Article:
The final study (Study Five) tested for the presence of a 'cross-adaptation‘ response in cold habituated humans to hypoxic exposures during rest and moderate intensity exercise. This study was designed on the basis of the information obtained from the previous four experiments and tested the hypothesis that cold habituation by repeated cold-water immersions would reduce the sympathetic activity and cardio-respiratory responses during loaded cycling (100 W) in hypoxic conditions (FIo2 0.12). Thirty-two male participants underwent six, five minute immersions in either cold (12 °C) or thermoneutral (35 °C) water over a three day period. The normoxic and hypoxic exposures were performed before and after the water immersions. It was established that cold habituation attenuated the sympathetic response to loaded exercise during an acute hypoxic exposure and reduced the number and severity of acute mountain sickness (AMS) symptoms. The study provides the first evidence of a cross-adaptation between cold habituation and hypoxic exposure in humans. This was not found in participants who performed thermoneutral water immersions. Therefore, the hypothesis was accepted. In conclusion, in four of four participants whose catecholamine concentrations were analysed and eight from 16 volunteers whose HRV was analysed, showed that cold habituation reduces the sympathetic response to an acute hypoxic stimulus during loaded cycling. However, it is not known if this cross-adaptation provides an adaptive or maladaptive response to prolonged exposure to hypoxia or altitude. ABSTRACT IV Additionally, the permanence of the cross-adaptation also requires further investigation.
Notes
A thesis submitted in partial fulfilment of its requirements for the award of the degree of Doctor of Philosophy of the University of Portsmouth.
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Riddu Riddu, joik or rock-n-roll? A study of Riddu Riddu Festivála and its role as a cultural tool for ethnic revialization [sic].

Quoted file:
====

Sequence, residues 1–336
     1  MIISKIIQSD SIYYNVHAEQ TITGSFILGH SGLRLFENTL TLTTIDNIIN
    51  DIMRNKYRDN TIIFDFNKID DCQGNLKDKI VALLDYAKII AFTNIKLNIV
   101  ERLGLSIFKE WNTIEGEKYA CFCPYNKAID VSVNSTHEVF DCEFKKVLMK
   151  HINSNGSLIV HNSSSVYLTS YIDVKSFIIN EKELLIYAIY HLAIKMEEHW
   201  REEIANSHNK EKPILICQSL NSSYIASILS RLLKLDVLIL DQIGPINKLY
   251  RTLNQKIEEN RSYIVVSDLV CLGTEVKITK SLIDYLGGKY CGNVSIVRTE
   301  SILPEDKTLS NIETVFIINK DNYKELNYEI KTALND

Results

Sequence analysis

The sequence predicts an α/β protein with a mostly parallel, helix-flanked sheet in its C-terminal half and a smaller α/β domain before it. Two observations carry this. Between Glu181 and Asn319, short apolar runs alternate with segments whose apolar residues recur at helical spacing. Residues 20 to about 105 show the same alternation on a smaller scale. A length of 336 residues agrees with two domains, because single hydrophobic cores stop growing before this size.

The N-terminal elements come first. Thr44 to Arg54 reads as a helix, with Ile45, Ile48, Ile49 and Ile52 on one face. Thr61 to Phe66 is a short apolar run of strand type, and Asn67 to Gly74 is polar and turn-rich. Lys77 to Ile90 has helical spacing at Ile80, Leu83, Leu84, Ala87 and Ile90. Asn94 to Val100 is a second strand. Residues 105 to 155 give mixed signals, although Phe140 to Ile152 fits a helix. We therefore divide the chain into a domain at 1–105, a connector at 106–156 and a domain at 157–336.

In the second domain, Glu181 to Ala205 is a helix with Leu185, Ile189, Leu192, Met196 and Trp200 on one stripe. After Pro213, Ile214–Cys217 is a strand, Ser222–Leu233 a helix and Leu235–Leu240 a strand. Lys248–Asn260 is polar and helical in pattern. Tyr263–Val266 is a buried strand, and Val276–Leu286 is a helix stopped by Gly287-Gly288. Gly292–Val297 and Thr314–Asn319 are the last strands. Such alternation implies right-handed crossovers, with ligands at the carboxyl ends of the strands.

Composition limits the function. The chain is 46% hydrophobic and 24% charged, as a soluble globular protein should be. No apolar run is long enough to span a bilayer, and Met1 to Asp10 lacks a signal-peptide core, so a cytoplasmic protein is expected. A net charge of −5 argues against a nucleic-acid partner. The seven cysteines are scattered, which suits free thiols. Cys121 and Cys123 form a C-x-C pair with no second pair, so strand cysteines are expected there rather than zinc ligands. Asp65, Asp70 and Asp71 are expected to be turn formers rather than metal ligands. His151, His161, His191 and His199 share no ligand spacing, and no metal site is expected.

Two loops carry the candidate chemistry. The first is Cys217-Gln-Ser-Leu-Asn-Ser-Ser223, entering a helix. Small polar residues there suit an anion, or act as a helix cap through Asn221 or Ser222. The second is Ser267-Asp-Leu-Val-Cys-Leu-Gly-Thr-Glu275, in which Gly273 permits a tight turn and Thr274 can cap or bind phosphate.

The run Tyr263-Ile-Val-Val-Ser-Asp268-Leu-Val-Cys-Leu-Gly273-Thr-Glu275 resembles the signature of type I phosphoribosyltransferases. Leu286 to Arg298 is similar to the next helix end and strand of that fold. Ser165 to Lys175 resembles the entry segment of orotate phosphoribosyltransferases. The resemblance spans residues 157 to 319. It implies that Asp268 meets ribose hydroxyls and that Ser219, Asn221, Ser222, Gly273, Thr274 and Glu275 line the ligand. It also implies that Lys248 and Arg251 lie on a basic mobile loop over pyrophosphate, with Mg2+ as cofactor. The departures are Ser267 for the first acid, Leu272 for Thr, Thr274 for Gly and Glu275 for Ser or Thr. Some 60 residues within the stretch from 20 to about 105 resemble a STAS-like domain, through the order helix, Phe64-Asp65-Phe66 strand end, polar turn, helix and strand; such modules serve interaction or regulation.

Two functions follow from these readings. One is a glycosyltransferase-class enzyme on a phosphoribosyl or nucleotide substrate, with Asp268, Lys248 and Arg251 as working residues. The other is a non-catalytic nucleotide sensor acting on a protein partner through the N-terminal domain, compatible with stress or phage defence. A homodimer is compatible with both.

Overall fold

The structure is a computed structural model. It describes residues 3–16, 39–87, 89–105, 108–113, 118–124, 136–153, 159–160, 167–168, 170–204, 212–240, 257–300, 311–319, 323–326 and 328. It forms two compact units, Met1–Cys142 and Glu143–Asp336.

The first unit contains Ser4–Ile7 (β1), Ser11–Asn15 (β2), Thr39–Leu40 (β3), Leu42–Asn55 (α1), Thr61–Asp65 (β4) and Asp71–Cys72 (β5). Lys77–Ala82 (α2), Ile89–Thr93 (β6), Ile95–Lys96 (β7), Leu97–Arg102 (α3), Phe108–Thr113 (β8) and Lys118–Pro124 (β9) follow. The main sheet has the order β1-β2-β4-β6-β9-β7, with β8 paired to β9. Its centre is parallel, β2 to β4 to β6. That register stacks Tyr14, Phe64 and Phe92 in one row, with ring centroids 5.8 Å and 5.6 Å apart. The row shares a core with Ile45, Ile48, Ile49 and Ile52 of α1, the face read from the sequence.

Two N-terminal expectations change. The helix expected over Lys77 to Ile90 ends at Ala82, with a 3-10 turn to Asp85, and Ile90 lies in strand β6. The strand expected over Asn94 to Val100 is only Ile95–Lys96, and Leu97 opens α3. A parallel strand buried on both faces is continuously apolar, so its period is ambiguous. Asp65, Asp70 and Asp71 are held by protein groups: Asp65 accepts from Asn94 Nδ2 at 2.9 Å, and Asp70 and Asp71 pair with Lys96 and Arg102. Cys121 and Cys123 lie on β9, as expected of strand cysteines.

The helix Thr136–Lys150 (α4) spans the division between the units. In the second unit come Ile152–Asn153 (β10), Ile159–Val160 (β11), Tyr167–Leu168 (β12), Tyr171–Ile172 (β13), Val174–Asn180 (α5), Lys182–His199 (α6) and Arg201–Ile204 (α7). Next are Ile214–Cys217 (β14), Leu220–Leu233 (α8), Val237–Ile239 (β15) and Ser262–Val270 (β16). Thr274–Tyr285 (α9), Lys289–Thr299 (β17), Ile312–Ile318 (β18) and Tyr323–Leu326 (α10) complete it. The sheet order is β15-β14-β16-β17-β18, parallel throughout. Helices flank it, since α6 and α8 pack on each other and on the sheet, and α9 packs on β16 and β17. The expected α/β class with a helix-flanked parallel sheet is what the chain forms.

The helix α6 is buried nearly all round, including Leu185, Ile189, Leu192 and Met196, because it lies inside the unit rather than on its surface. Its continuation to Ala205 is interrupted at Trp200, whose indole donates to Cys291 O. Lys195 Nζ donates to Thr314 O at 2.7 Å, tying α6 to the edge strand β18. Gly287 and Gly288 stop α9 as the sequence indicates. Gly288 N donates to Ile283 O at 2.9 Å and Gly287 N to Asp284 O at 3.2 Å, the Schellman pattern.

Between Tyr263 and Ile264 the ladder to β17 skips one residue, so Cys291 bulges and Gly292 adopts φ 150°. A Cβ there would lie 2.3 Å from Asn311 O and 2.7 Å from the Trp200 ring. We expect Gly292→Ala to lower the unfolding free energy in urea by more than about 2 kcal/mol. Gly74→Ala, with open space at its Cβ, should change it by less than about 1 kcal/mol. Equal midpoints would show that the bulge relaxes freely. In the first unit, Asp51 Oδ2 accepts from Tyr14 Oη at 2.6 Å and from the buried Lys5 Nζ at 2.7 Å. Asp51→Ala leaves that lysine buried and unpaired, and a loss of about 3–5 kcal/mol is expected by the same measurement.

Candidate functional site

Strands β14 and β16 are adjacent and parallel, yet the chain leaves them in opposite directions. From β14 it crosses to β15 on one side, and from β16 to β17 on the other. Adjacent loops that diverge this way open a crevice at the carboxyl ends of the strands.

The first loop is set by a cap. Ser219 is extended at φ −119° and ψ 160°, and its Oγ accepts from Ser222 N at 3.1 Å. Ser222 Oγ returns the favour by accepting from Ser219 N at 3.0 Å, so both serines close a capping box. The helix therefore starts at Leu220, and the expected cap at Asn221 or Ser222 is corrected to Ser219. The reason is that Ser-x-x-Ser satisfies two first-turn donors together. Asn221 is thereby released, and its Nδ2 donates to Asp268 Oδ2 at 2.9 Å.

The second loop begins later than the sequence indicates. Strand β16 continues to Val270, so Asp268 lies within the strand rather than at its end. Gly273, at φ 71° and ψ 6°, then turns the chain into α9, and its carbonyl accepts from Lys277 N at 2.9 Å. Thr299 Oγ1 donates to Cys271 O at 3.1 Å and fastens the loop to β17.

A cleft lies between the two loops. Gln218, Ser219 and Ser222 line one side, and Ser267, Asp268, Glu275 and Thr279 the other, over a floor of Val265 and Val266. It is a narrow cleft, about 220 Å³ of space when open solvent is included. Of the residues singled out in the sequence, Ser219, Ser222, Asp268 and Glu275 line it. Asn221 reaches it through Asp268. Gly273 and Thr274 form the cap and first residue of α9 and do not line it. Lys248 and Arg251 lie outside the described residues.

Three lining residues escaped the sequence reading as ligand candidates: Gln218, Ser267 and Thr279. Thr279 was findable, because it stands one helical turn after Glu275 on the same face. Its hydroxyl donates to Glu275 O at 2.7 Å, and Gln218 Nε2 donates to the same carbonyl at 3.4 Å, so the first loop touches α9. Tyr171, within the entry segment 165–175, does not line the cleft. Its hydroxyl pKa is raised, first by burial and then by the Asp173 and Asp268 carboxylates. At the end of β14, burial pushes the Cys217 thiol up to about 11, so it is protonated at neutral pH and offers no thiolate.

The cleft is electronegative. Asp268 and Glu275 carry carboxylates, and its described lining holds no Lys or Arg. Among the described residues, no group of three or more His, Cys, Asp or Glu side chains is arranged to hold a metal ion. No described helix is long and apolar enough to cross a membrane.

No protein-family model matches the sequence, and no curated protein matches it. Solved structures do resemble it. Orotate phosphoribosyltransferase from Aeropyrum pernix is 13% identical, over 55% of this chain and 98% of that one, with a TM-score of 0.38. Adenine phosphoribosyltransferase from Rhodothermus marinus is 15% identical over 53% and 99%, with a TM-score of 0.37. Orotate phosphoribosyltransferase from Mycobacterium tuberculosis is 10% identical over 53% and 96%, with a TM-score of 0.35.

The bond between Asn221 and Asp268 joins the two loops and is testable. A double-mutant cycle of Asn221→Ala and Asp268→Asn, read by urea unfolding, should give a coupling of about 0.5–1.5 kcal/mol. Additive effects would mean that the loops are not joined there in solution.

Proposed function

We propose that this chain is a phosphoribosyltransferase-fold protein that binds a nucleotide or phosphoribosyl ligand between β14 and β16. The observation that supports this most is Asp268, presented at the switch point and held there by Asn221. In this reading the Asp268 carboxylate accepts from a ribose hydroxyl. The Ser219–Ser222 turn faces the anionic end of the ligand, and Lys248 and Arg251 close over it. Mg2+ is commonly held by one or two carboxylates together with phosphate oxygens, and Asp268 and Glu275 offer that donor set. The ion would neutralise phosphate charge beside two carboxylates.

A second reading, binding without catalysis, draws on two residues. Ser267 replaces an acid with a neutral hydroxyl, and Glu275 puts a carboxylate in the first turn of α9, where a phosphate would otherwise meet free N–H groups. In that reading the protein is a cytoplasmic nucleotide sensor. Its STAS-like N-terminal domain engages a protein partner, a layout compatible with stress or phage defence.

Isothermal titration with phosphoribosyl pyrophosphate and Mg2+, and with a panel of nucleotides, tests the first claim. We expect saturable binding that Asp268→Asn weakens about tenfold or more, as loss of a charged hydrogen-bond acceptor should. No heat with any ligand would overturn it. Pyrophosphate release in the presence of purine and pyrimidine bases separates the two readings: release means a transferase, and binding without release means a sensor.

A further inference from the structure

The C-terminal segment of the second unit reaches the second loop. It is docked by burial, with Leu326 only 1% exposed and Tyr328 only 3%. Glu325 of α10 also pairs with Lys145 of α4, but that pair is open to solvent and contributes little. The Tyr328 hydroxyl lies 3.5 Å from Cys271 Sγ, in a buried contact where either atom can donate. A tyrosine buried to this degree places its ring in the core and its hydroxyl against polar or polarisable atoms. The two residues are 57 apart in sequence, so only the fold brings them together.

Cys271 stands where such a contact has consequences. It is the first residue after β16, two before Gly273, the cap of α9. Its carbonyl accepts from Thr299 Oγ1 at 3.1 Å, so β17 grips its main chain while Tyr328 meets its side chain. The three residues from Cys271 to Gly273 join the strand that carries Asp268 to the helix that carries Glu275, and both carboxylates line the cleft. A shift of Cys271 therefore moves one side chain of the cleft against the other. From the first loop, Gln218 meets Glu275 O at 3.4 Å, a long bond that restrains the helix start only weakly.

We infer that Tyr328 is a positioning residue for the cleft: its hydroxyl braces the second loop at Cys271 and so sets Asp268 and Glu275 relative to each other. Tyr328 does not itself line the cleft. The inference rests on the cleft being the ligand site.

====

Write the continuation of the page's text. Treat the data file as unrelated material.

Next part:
https://arctichealth.org/en/permalink/ahliterature297029
Source
Faculty of Social Sciences, University of Tromsø, Norway.
Publication Type
Dissertation
Date
April 2008
  1 document  
Author
Leonenko, Anastassia Valerievna
Source
Faculty of Social Sciences, University of Tromsø, Norway.
Date
April 2008
Language
English
Geographic Location
Norway
Publication Type
Dissertation
File Size
1656646
Keywords
International Indigenous Riddu Riddu Festivála
Manndalen
Coastal Saami
Culture
Language
Lifestyle
Revitalisation
Abstract
The International Indigenous Riddu Riddu Festivála has taken place every year since 1991 in Manndalen, a Coastal Saami hamlet, in the municipality of Kåfjord in the county of Troms in the North of Norway. The festival represents by itself an independent event that through indigenous management and developed ethno-relations inside the country, promoting the idea of cultural awareness and sensitivity to all ethnic groups, however different they might be, and support them in terms of preservation of their culture, language, and lifestyle in our global and developed world.
This thesis is intended to show the ambiguity and complexity of the Coastal Saami identity in Manndalen, not only with relation to Norwegians, but also with reference to the situation among locals, between adults and youth, traditions and modernity. In other words, which relations between traditions and modernity does Riddu Riddu demonstrate? Therefore this thesis will try to find out the relation of manndalinger to the cultural invention and show their chosen way of the invasion of traditions and how far they accept distortions as authentic to their heritage during the process of cultural invention and which sign-substitutions can be defined in relation to Coastal Saami culture today. Moreover, the purpose of this thesis is to understand the process by which means invented portions of culture acquire authenticity. In other words, how the social reproduction of culture – the process whereby people learn, embody, and transmit the conventional behaviours of their society (Hanson 1989:898) – is happening in the Coastal Saami community today. Therefore the Riddu Riddu festival will be considered further as one of the examples of Coastal Saami cultural invention with the purpose of revitalization an ethnic identity.
Thus, the Riddu Riddu festival can be seen as a visible tool in Manndalen’s process of ethnic revitalisation. In this case, can the festival be considered as an example of an imagined community (Anderson 1983), created as a cultural arena for the Saami political debates and bringing Saami people, the young and the old generation, together? Further, the festival can be seen as an important tool in the process of Coastal Saami ethnic revitalisation with perspectives on northern indigenous and in general world community nowadays. What is the role of this imagined community for its participants? What challenges do manndalinger have in creating both a local and a global symbolic community?
This master thesis is tended to bring up questions for further discussions and become one of the colourful pieces in the mosaic of understanding the Riddu Riddu festival and its role in the revitalisation of Saami identity.